Human challenge trials are controversial, but may just help us get a COVID-19 vaccine sooner. File Photo.
Human challenge trials are controversial, but may just help us get a COVID-19 vaccine sooner. File Photo.

OPINION: The risky way to speed up a COVID-19 vaccine

WITH many potential COVID-19 vaccines now in the final stage trials, the world waits with bated breath for a solution to what has become a global catastrophe.

But human trials are not a particularly speedy pursuit and we may still have up to a years wait; all the while people will continue to get sick and die as we struggle to contain the virus the old fashioned way.

But what if we could speed up the process?

In 1796, the father of vaccines, Edward Jenner, injected a young boy with the cowpox virus. Once the boy recovered, he was injected once again, this time with the deadly smallpox virus, in what was the first human challenge trial ever conducted.

In one fell (albeit terrifying) swoop, history was changed and a vaccine for smallpox was introduced into the world, saving countless lives.

Since then, human challenge trials - where a person is injected with a vaccine and then deliberately exposed to the disease - have been used to test influenza, malaria, typhoid, dengue fever, and cholera in a more timely manner.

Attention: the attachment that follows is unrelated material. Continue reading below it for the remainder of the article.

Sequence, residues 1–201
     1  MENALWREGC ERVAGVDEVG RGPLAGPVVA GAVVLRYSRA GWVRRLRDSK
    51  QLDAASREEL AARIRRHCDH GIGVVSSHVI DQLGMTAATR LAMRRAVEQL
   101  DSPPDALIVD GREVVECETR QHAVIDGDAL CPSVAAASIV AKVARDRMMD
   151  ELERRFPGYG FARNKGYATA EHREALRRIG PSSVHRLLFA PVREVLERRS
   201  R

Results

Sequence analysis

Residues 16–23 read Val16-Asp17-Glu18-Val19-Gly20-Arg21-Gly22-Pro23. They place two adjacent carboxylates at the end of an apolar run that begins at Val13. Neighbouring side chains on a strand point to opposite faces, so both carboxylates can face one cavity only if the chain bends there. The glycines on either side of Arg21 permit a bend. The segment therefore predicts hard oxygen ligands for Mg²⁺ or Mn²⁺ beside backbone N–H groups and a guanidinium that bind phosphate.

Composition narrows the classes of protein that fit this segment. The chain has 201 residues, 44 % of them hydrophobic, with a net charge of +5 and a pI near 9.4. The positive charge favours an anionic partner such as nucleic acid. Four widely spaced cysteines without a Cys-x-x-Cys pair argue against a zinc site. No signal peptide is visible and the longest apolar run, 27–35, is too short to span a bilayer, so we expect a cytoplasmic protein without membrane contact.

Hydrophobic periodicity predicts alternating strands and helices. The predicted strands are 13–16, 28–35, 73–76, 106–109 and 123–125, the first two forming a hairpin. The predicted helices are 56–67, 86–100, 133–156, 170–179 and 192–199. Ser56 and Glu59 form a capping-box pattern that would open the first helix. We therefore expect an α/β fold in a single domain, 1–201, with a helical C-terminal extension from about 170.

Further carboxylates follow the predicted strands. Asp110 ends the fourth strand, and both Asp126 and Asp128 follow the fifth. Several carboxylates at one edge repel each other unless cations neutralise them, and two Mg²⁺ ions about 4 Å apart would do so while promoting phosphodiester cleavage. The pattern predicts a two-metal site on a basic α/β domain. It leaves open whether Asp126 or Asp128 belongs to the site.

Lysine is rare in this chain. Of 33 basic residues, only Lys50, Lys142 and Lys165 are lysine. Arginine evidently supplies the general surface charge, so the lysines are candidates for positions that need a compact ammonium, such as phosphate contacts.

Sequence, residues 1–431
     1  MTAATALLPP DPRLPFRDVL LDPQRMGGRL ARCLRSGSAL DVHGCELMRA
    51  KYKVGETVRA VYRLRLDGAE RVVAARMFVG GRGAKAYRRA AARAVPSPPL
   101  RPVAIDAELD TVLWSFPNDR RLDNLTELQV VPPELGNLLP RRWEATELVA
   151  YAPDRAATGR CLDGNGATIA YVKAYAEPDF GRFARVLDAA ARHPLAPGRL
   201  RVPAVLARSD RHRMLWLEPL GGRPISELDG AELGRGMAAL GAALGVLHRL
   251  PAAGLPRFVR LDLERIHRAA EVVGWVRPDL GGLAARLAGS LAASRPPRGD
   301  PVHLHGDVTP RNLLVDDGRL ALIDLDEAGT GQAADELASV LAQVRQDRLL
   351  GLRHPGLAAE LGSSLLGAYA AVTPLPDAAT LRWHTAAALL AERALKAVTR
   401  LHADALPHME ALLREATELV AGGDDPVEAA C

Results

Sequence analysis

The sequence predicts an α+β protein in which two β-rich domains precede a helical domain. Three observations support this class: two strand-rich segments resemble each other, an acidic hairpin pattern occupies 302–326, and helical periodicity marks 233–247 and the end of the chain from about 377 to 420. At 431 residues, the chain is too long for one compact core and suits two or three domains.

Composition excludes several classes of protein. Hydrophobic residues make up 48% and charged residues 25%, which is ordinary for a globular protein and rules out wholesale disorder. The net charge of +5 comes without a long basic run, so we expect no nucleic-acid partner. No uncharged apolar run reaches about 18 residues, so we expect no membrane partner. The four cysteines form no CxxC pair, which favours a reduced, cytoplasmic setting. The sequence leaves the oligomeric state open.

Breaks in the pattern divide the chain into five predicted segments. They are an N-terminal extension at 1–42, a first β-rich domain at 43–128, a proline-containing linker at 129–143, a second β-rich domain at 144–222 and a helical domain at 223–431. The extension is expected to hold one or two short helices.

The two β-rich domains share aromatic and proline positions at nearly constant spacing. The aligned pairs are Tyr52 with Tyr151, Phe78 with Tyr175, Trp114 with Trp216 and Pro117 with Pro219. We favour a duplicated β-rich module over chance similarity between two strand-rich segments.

So what about COVID-19?

Obviously, in terms of ethics, we have grown as a society, since no scientist in their right mind would trial a vaccination on a nonconsenting child. But I can't deny there may be some a method to the madness.

In standard clinical trials, volunteers are injected with either the vaccine or a placebo, and then their health is tracked over the course of several months or even years.

The trials depend on some of the volunteers being naturally exposed to the virus, with scientists then observing how many eventually get sick in the placebo group vs. the vaccinated group.

In this length of time, thousands more people will likely be exposed to the virus worldwide and many of them - being elderly, cancer patients, or suffering from other pre existing conditions - will die.

If young and healthy adults, who in most cases will experience nothing more than a cough and runny nose, are willing to take a risk for the greater good, then I say let them.

The ethics of intentional infecting people with a potentially deadly virus are obviously contentious, but in this case, if a human challenge trial does result in a vaccine being ready for distribution months or years sooner, the benefits far outweigh the risks.

As long as volunteers are chosen wisely, carefully monitored, and fully aware of the risks involved, they could be helping to save thousands of lives and jobs.

A whooping 36 569 people in 162 counties have already signed up to take part in a COVID-19 human challenge trials via the organisation 1 DAY Sooner, so clearly the enthusiasm is there.

As we've all heard on repeat since January, we're living in "unprecedented times", perhaps we require a more unprecedented solution.

South Burnett

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